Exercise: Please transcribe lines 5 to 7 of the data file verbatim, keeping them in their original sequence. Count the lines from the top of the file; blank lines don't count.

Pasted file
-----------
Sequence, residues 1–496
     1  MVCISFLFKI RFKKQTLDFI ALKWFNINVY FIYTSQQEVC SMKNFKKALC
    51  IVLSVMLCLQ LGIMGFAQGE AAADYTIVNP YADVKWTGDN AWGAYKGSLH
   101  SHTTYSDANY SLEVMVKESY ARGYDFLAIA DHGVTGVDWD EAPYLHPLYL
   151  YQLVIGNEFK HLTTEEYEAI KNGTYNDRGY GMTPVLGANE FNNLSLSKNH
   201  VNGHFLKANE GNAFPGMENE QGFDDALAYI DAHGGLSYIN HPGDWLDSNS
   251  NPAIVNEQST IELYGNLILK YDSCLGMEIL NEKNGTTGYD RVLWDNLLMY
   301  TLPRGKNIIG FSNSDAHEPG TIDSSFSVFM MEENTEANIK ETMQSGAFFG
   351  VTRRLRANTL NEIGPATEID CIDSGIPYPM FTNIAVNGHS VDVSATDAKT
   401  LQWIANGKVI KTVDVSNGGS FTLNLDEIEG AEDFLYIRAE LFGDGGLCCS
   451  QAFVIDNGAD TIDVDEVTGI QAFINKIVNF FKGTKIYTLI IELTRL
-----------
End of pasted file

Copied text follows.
   151  YQLVIGNEFK HLTTEEYEAI KNGTYNDRGY GMTPVLGANE FNNLSLSKNH
   201  VNGHFLKANE GNAFPGMENE QGFDDALAYI DAHGGLSYIN HPGDWLDSNS
   251  NPAIVNEQST IELYGNLILK YDSCLGMEIL NEKNGTTGYD RVLWDNLLMY